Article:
BACKGROUND/OBJECTIVES: We investigated whether behavioral precautions adopted during Coronavirus disease (COVID-19) pandemic also influenced the spreading and multidrug resistance (MDR) of ESKAPEEc (Enterococcus faecium, Staphylococcus aureus, Klebsiella pneumoniae, Acinetobacter baumannii [AB], Pseudomonas aeruginosa, Enterobacter spp and Escherichia Coli, [EC]) among Intensive Care Unit (ICU) patients. SUBJECTS/METHODS: We performed a single-center retrospective study in adult patients admitted to our COVID-19-free surgical ICU. Only patients staying in ICU for more than 48 hours were included. The ESKAPEEc infections recorded during the COVID-19 period (June 1, 2020 - February 28, 2021) and in the corresponding pre-pandemic period (June 1, 2019 - February 28, 2020) were compared. An interrupted time series analysis was performed to rule out possible confounders. RESULTS: Overall, 173 patients in the COVID-19 period and 132 in the pre-COVID-19 period were investigated. The ESKAPEEc infections were documented in 23 (13.3%) and 35 (26.5%) patients in the pandemic and the pre-pandemic periods, respectively (p = 0.005). Demographics, diagnosis, comorbidities, type of surgery, Simplified Acute Physiology Score II, length of mechanical ventilation, hospital and ICU length of stay, ICU death rate, and 28-day hospital mortality were similar in the two groups. In comparison with the pre-pandemic period, no AB was recorded during COVID-19 period, (p = 0.017), while extended-spectrum beta-lactamase-producing EC infections significantly decreased (p = 0.017). Overall, the ESKAPEEc isolates during pandemic less frequently exhibited multidrug-resistant (p = 0.014). CONCLUSIONS: These findings suggest that a robust adherence to hygiene measures together with human contact restrictions in a COVID-19 free ICU might also restrain the transmission of ESKAPEEc pathogens.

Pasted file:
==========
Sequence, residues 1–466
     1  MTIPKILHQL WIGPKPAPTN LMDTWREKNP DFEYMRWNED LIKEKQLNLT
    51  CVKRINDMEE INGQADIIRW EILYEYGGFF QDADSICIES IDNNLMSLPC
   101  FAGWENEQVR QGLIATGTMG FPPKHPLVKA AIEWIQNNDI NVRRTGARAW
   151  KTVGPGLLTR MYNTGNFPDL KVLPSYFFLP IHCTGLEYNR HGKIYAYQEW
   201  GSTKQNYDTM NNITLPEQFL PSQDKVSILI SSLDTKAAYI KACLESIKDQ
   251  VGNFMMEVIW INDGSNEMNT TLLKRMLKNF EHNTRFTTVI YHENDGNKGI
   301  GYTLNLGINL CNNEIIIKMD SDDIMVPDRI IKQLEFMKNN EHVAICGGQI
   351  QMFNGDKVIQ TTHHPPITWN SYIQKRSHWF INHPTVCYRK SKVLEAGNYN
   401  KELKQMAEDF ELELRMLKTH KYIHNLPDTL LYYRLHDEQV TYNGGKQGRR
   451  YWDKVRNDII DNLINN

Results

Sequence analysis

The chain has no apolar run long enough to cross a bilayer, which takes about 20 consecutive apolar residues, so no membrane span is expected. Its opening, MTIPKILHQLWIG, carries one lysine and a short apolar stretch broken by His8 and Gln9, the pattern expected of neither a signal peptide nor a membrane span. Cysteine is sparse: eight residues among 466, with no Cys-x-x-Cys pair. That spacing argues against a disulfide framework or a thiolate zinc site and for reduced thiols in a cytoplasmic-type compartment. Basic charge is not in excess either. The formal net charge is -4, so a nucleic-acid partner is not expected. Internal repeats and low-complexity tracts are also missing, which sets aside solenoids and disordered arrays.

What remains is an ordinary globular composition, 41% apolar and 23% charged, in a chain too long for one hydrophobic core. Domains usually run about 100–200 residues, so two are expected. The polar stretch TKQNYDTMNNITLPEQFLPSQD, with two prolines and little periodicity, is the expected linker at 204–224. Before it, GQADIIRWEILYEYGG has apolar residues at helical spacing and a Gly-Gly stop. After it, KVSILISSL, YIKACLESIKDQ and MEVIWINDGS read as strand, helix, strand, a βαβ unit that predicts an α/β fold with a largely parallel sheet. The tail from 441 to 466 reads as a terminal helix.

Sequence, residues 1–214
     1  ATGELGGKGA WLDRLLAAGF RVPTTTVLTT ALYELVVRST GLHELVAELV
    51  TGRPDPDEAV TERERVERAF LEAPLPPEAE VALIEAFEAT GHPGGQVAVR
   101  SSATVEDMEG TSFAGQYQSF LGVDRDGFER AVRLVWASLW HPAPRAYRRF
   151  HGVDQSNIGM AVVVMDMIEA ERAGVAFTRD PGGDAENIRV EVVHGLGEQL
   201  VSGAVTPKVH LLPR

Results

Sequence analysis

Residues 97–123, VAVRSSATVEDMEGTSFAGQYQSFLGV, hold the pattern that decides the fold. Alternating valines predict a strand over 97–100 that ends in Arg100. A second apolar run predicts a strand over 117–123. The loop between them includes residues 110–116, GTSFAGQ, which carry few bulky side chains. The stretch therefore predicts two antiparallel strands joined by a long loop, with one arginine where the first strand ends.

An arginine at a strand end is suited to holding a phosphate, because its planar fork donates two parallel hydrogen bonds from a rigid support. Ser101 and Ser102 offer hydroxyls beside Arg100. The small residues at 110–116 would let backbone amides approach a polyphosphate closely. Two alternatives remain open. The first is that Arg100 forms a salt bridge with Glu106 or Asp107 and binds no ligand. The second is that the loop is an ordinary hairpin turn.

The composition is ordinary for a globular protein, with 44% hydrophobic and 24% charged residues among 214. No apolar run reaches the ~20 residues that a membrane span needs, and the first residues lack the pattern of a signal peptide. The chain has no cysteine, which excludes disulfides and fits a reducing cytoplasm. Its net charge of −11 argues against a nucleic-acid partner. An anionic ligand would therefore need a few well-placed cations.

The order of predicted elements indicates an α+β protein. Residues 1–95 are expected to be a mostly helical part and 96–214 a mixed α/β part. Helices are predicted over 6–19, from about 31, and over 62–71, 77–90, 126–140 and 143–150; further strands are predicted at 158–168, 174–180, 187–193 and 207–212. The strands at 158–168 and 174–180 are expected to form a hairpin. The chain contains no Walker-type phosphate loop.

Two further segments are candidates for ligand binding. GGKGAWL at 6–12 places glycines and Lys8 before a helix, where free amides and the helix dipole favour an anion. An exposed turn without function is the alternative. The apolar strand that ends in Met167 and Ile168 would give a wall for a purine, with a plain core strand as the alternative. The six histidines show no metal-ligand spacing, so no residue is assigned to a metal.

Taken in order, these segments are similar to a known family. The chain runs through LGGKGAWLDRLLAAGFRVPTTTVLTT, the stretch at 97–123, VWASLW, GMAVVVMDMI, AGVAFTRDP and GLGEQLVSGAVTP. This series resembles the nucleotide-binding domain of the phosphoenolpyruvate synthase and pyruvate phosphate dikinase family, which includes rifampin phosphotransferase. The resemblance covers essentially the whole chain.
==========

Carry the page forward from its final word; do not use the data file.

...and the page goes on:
Subject(s)
COVID-19/prevention & control , Cross Infection/epidemiology , Gram-Negative Bacterial Infections/epidemiology , Gram-Positive Bacterial Infections/epidemiology , Infection Control , Acinetobacter Infections/epidemiology , Acinetobacter Infections/microbiology , Acinetobacter Infections/transmission , Acinetobacter baumannii , Aged , Cross Infection/microbiology , Cross Infection/transmission , Drug Resistance, Multiple, Bacterial , Enterobacter , Enterobacteriaceae Infections/epidemiology , Enterobacteriaceae Infections/microbiology , Enterobacteriaceae Infections/transmission , Enterococcus faecium , Escherichia coli Infections/epidemiology , Escherichia coli Infections/microbiology , Escherichia coli Infections/transmission , Female , Gram-Negative Bacterial Infections/microbiology , Gram-Negative Bacterial Infections/transmission , Gram-Positive Bacterial Infections/microbiology , Gram-Positive Bacterial Infections/transmission , Hand Disinfection , Humans , Intensive Care Units , Interrupted Time Series Analysis , Klebsiella Infections/epidemiology , Klebsiella Infections/microbiology , Klebsiella Infections/transmission , Klebsiella pneumoniae , Male , Methicillin-Resistant Staphylococcus aureus , Middle Aged , Organizational Policy , Personal Protective Equipment , Pseudomonas Infections/epidemiology , Pseudomonas Infections/microbiology , Pseudomonas Infections/transmission , Pseudomonas aeruginosa , Retrospective Studies , SARS-CoV-2 , Staphylococcal Infections/epidemiology , Staphylococcal Infections/microbiology , Staphylococcal Infections/transmission , Staphylococcus aureus , Visitors to Patients
4.
Microb Drug Resist ; 27(9): 1167-1175, 2021 Sep.
Article in English | MEDLINE | ID: covidwho-1406451

ABSTRACT

Background: The aim of this study was to assess the drivers of multidrug-resistant (MDR) bacterial infection development in coronavirus disease 2019 (COVID-19) and its impact on patient outcome. Methods: Retrospective analysis on data from 32 consecutive patients with COVID-19, admitted to our intensive care unit (ICU) from March to May 2020. Outcomes considered were MDR infection and ICU mortality. Results: Fifty percent of patients developed an MDR infection during ICU stay after a median time of 8 [4-11] days. Most common MDR pathogens were carbapenem-resistant Klebsiella pneumoniae and Acinetobacter baumannii, causing bloodstream infections and pneumonia. MDR infections were linked to a higher length of ICU stay (p = 0.002), steroid therapy (p = 0.011), and associated with a lower ICU mortality (odds ratio: 0.439, 95% confidence interval: 0.251-0.763; p < 0.001). Low-dose aspirin intake was associated with both MDR infection (p = 0.043) and survival (p = 0.015). Among MDR patients, mortality was related with piperacillin-tazobactam use (p = 0.035) and an earlier onset of MDR infection (p = 0.042). Conclusions: MDR infections were a common complication in critically ill COVID-19 patients at our center. MDR risk was higher among those dwelling longer in the ICU and receiving steroids. However, MDR infections were not associated with a worse outcome.